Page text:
Historical insights, sustainable and inclusive development: What they might mean for us now and for the future
18 April 2022
Op-Ed by UN Timor-Leste Resident Coordinator Roy Trivedy
An essential first step is perhaps to help people clearly define what type of national development people of Timor-Leste would like to see in their country
The United Nations is here to support the government and the people of Timor-Leste. The SDGs and 2030 Agenda for Sustainable Development offer evidenced-based and solution-based directions for an inclusive, prosperous and sustainable future for all.
With the second round of the Presidential Elections imminent, it has been an interesting and exciting past week, thinking about now as well as the future of the country. Irrespective of the people’s decision for either of the candidates, the President’s ‘father-of-the-nation’ role entails a key guiding role that contributes to strengthening the economy, political systems, collaborations, and reconciliation in the wake of the COVID-19 fallout and critical development challenges facing the country.
The interview –skillfully moderated by my friend and colleague UN Resident Coordinator for Malaysia and Singapore, Ms Karima El Korri – was organised by the Sunway University and the Sustainable Development Solutions Network (SDSN), part of a global network of universities and institutions promoting sustainable development practices. Incidentally, we (the UN) are assisting the University of Timor-Leste to join this Network soon.
As always, Professor Sachs covers a lot of historical ground and makes fascinating connections between social and economic progress and many global challenges that the world faces today. He starts by drawing attention to the combination of events that contributed to global economic growth in the period after 1776 (imperialism, the industrial revolution, the role of fossil fuels, self-interest, the dominance of market economies and many other factors).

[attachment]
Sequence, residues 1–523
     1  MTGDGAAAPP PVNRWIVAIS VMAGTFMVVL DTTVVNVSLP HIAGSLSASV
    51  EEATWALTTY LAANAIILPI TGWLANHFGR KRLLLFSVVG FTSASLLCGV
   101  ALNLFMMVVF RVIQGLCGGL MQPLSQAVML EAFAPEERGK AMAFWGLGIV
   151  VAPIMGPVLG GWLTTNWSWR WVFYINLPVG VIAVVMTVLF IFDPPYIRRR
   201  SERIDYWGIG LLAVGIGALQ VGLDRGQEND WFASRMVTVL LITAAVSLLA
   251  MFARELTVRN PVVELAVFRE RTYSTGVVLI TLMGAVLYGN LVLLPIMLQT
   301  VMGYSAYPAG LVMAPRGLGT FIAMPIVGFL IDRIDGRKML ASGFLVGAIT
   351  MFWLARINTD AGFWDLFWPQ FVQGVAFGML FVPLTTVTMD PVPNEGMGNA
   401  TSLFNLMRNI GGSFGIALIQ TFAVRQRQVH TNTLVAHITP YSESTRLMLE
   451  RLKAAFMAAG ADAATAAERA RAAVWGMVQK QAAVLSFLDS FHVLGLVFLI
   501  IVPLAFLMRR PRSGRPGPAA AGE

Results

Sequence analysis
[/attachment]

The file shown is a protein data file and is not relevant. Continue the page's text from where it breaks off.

Professor Sachs points out that “…one of the reasons the world is struggling to reduce its dependence on fossil fuels is that we have had 200+ years of economic growth based on a reliance on fossil fuels and market economies. The powerful forces behind fossil fuels are pervasive and shape almost every aspect of our lives. So, breaking that dependence and reducing our reliance on fossil fuels and shifting towards carbon-neutral growth may take years, possibly decades.” This is why governments and development institutions need to prepare long-term plans now and to ensure that these are practically progressed annually for this critical global transition.
He notes that sadly even after the past decade of rising global temperatures and changing global weather patterns contributing to more frequent and devastating environmental disasters, as well as the loss of biodiversity and the COVID-19 pandemic, we have yet to see many governments, industries and international institutions develop and implement robust long-term (20-year plus) plans for zero carbon growth. As the IPCC (International Panel on Climate Change) has said on many occasions (see: https://www.nature.org/en-us/what-we-do/our-insights/perspectives/ipcc-…) ‘time is running out’!